MITTENED MARAUDERS: The N.J. Division of Fish and Wildlife (often erroneously referred to as “Fish and Game”) wants us to keep an eye open for mittens. No, not hand-warming type accouterments, but the invasive mitten crab, which has worked its way all the way to Ocean County from Asia, which is located somewhere in the Far East.
“How could these crabs get all the way over here from China?” you ask in geographic astonishment.
Well, let’s examine the random goodies your better half just bought during yet another binge buying spree – brought on when she got the tragic news that the “Fix My Frickin’ House” TV series had been moved from Tuesday to Wednesday.
“Oh, Steph, I’m so upset. I just have to go shopping to get that schedule change out of my mind.”
“I’m with ya, Jen. In fact, why don’t ya grab some of those checks you get in the mail every day from your credit card company. This is gonna take some serious shopping therapy, girl.”
Anyway, I’ll bet the house that fully half of those just-bought assorted items bear the words “Made in China” somewhere thereupon – right next to the penciled message: “Help, I’m being held in a Chinese toaster factory.”
Yep, it’s our imports doing the dirty work. And not just in the ballasts of big ships. Do you know how many mitten crabs can fit inside a toaster? Me neither, but I’m guessing a lot.
As for the invasion of species arriving as a trickle-down effect of China taking over the American economy through default, I’m currently committing to memory “The Handbook of Chinese Wildlife” – just to get an idea of what creatures will be roaming America in the future. Hey, don’t knock it. Just the other day I swear I saw a panda hitchhiking up Route 9 with a sign that read, “Will work for bamboo shoots.” Do you have any idea how many local brown bears will become jobless because of these illegal immigrants? Food for thought.
As for those rapidly approaching mitten crabs, they are easy to identify because they have oversized, hairy claws that look a lot like, well, oversized hairy claws. But didn’t some ditsy female Chinese scientist think it would be so cute to call those savage claws mittens? Yes, even China has ditzy blondes. OK, so maybe I added the blonde part. And, no, I’m not a flagrant perpetuator of the ditzy blonde stereotype, though I recall this ventriloquist doing a local show. His sloppily suited dummy, Gaylord, was telling one blonde joke after another. Suddenly, this breasty young blonde gal stood up in the audience and yelled, “That’s it. I’m sick of you insulting us blondes as if we’re just a bunch of airheads.” The ventriloquist was taken back and began stuttering, “Ma’am, I’m so sorry. I didn’t realize ...” At which point the blonde butted in, “Stay out of this, mister, I’m talking to that little bastard on your knee.”
Where was I – after that blonde moment? Oh, those arriving mitten crab hordes. They have actually gone crazy in England, where massive numbers have all but taken over the River Thames, a testament to just how quickly the crabs reproduce – even with a bunch of British gents, with derbies and umbrellas, looking down upon them. Weirdoes.
Not that mittens crabs are all bad. In Shanghai, there is a huge market for the ovaries of female mitten crabs. I’m not sure what to call that part of the female crab, with “mittens” already taken. In fact, a meal of raw mitten crab ovaries is the proverbial cat’s meow in Asia, though that expression takes on a whole different stir-fried meaning thereabouts.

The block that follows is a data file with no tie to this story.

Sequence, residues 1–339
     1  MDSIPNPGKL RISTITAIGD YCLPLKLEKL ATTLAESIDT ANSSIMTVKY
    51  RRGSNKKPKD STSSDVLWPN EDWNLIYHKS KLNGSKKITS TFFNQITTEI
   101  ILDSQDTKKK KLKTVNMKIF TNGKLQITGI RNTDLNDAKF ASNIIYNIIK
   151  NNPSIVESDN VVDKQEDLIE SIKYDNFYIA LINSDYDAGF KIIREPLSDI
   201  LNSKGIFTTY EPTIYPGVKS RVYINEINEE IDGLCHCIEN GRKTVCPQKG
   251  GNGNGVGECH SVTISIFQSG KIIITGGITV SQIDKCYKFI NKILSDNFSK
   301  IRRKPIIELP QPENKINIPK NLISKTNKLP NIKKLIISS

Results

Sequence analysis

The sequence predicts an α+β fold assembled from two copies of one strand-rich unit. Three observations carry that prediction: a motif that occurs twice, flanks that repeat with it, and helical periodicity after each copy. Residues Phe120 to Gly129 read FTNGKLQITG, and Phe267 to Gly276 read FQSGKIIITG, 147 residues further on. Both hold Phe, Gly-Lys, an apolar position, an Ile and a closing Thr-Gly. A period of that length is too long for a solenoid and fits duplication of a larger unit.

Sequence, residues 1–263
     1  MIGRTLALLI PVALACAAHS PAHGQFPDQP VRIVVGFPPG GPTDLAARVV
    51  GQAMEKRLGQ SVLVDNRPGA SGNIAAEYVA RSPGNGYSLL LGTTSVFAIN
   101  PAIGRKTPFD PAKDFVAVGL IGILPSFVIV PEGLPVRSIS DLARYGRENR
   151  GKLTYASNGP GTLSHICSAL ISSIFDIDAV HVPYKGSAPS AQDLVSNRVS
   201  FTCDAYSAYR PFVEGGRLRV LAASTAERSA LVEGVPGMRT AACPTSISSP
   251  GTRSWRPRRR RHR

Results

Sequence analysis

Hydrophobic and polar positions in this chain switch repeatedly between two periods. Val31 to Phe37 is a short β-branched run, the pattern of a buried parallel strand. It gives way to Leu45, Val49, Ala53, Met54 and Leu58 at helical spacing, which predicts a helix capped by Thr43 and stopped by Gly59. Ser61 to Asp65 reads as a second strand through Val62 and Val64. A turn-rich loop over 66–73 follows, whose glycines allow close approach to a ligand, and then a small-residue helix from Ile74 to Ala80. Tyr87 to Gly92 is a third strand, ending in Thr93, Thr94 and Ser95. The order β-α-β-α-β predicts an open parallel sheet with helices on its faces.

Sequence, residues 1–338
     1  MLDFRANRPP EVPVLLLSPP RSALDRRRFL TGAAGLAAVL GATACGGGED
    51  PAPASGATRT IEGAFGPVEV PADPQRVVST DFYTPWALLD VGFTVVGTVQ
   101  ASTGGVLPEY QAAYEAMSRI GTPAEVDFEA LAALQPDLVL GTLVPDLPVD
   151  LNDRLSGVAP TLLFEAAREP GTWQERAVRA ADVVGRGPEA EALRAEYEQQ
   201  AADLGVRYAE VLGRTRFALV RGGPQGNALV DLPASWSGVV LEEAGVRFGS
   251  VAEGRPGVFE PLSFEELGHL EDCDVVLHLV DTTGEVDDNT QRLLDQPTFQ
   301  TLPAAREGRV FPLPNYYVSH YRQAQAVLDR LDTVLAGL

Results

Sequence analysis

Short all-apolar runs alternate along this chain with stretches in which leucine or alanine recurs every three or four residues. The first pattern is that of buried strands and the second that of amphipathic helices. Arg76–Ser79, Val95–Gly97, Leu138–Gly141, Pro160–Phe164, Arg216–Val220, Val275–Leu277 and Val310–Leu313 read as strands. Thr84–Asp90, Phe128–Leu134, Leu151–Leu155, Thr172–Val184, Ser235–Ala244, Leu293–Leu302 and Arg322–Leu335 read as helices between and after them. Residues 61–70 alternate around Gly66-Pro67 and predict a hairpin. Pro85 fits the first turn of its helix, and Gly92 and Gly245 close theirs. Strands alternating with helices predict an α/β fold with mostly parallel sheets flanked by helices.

There is even a worldwide market in fresh mitten crab muffs, though there are implicit dangers in going raw, per the World Health Organization. Seems a particularly ugly parasitic lung fluke favors mitten crabs. I won’t go into details, mainly because I hope to dine on sushi at some point this week. Truth be told, I’m not sure I could tell a raw mitten crab ovary from, say, a road-killed mongoose.
Mitten crabs have already been found in tidal waters of Ocean County. In fact, the first N.J. mitten was found in Toms River, last June. It was crawling atop a holding pen with shedder crabs inside. Very little information could be gleaned from the Toms River crab since nobody knew how to speak Mandarin. As to where the invasive crabs are going and at what speed, the federal and state authorities are frantically trying to figure that out. A mitten crab network has been set up, further proving that television will try just about anything nowadays. Check out http://www.serc.si.edu/labs/marine_invasions.
Here’s instruction from that site: “Do not throw it back alive! Freeze the animal, keep it on ice, or preserve it in rubbing alcohol as a last resort. Note the precise location and date where the animal was found.
“Please take a close up photo of the animal. Photos can be emailed to SERCMittenCrab@si.edu for preliminary identification. Include your contact information with the photo. If you cannot take a photo, contact the Mitten Crab Hotline (443-482-2222).”
I’m note sure how much per minute for that hotline – I haven’t gotten my phone bill yet. It’s a problem even trying to get through. All those British oglers keep the line really tied up, especially Luscious Lulu’s.
I’LL GET TO IT, DUDE: Well, the taxman has cometh. If you haven’t filed with the IRS by now, you’d better be extended or so rich you’re one of the co-owners of the IRS.
The only thing in life I do post haste is get my Uncle Sam tax material filled and filed – to get bucks back so I can give my returns to the other Sam, as in Walton. In all other matters, I live by that famed adage: There’s no time like the present to put things off.
Weeks back I was meaning to early-write the soon-to-launch 2009 “Simply Bassing” Spring Bass Tournament. Now the big-bass event is just around the calendar corner, so I’m hoping you’ll go full guns to sign up. It starts on Saturday, May 2, at 12:01 a.m. and ends Sunday, June 28, at noon.